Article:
Example:

20/20: Take profit hit +10%.

Entry could have been a lot better – if waited for pull back following MA signal, could have bought 30 pips lower with tighter stop, same target.

Ignoring anxiety paid off – acting on would have led to a loss. Perhaps I’m risking too much per trade?

Locking in breakeven was a good idea – allowed me to relax and let trade play out.

All in all, a good trade, though room for improvement.

Market has since continued to rally – could have taken an extra 80 pips / 2R

This section is truly invaluable. Critiquing your trades in this manner will provide you with priceless insights regarding your trade process and psychology.

Rinse, Repeat and Analyse

On to the next trade. It is impossible to draw reliable conclusions from a single trade. Repeat the above process for your next 20 trades and then analyze your results. Once you have done this, you can start to draw reliable conclusions and begin to adapt your trade process appropriately. Do you need to work on your entries? Should you ignore your gut or listen to it? Are you risking too much? Are break even stops paying off, or are you getting needlessly stopped out of winning trades? Are you taking profits too early and strangling your performance? You may find you are constantly getting stopped out by fractions of a pip and need to move to a low spread account.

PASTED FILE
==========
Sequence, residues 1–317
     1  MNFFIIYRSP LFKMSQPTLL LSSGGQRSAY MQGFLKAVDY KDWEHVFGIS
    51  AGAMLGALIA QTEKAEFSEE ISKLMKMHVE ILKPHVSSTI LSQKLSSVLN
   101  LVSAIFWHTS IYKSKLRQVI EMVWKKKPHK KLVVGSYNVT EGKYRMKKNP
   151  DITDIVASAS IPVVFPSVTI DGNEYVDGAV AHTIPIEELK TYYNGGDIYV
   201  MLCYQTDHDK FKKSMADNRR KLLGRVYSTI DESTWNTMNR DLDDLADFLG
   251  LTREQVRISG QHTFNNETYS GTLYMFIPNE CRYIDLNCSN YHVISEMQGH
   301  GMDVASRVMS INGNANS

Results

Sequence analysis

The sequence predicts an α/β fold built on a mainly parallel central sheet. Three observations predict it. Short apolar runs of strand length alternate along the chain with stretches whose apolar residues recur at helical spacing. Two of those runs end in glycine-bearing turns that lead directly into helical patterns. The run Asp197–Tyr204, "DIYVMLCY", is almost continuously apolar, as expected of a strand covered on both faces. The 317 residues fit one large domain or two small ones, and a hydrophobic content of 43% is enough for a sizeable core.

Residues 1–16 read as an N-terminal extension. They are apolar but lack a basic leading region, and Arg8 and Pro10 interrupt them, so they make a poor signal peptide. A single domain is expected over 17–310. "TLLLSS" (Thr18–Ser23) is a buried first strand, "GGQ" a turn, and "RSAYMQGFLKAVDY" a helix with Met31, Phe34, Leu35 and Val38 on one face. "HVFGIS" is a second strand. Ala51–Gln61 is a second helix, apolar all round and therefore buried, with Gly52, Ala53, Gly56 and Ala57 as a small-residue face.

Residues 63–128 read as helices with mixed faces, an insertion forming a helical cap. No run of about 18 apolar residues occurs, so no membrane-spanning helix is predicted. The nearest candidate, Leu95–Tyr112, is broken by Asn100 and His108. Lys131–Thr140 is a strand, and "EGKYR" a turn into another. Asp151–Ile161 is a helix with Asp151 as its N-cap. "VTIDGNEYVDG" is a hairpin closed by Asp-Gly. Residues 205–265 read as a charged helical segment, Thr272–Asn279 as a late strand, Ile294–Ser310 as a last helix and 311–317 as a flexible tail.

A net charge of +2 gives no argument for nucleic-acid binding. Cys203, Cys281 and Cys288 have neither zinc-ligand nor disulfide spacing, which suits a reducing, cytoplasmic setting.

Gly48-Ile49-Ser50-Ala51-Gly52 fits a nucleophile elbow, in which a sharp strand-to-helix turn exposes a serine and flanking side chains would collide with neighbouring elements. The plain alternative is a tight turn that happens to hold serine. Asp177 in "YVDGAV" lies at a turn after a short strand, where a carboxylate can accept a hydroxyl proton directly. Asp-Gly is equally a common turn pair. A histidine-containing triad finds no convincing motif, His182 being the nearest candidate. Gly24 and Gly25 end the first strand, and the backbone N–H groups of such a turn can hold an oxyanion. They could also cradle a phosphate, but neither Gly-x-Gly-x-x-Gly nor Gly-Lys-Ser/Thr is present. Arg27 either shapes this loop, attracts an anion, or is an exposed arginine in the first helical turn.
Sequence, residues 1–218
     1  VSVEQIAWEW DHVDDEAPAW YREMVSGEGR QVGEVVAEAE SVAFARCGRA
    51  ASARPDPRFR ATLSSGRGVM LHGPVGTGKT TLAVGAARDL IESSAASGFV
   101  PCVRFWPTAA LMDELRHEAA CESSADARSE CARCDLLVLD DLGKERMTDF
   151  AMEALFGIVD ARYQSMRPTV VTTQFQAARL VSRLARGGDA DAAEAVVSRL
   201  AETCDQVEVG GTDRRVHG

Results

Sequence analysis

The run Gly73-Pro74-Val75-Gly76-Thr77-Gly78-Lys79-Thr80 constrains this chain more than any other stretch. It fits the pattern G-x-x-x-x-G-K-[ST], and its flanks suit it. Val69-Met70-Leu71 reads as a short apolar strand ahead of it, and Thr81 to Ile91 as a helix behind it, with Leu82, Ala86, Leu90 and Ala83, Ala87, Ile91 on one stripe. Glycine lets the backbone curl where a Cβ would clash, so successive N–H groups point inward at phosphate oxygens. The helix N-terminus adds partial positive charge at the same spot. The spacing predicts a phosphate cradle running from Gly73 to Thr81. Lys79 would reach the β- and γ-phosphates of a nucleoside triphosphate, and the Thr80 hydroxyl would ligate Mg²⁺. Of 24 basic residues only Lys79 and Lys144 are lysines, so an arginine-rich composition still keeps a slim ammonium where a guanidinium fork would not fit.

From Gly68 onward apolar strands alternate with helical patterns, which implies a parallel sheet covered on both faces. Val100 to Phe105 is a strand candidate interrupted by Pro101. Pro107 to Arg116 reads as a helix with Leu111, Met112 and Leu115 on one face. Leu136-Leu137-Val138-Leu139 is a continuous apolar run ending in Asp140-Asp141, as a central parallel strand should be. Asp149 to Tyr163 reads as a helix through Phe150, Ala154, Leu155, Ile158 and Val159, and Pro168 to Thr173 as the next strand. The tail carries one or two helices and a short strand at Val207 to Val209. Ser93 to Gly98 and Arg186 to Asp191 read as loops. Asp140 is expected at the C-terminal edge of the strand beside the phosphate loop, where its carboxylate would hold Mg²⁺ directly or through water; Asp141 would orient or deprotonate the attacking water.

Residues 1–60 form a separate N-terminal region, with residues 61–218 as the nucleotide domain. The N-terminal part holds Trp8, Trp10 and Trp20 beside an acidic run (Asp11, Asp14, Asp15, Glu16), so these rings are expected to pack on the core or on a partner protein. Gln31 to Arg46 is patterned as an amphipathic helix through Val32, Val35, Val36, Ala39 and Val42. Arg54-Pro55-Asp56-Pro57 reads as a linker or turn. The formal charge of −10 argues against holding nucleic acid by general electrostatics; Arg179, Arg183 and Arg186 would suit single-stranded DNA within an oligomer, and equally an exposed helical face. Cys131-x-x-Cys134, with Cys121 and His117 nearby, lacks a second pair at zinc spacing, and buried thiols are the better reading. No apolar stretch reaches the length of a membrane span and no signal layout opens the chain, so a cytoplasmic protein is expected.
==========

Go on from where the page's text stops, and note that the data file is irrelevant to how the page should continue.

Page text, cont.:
Once you have a solid sample base of 100 trades or so, you can start categorizing your trades and see what works and what doesn’t. For example, you can look at all your fundamental or technical trades in isolation, or delve deeper and break them down into news trades or trades based on one particular signal or another. You could even look at stop loss distances: perhaps you have a 75% win rate on trades with stops greater than 30 pips, but only 40% when trading with tighter stops. The possibilities on this front are literally endless, as are the opportunities for improvement.

When we talk to clients, there is a common theme: the vast majority of profitable traders maintain Forex trading journals and critically analyze their performance. Conversely, the vast majority of unprofitable traders don’t bother and end up giving up. It’s up to you: which sort of trader do you want to be? Maintaining a Forex journal and critically analyzing your performance is incredibly simple and leads to some, quite frankly, outstanding results.

Article provided by Vantage FX, Australian Forex Broker.

 

4 thoughts on “Forex Trading Journal and the Path to Profit”

  1. Nice Information! I personally really appreciate your article. This is a great website. I will make sure that I stop back again!

  2. Also, how disciplined you are with your trading journal will be a great predictor of your overall forex trading success down the road.

Leave a Reply

Your email address will not be published. Required fields are marked *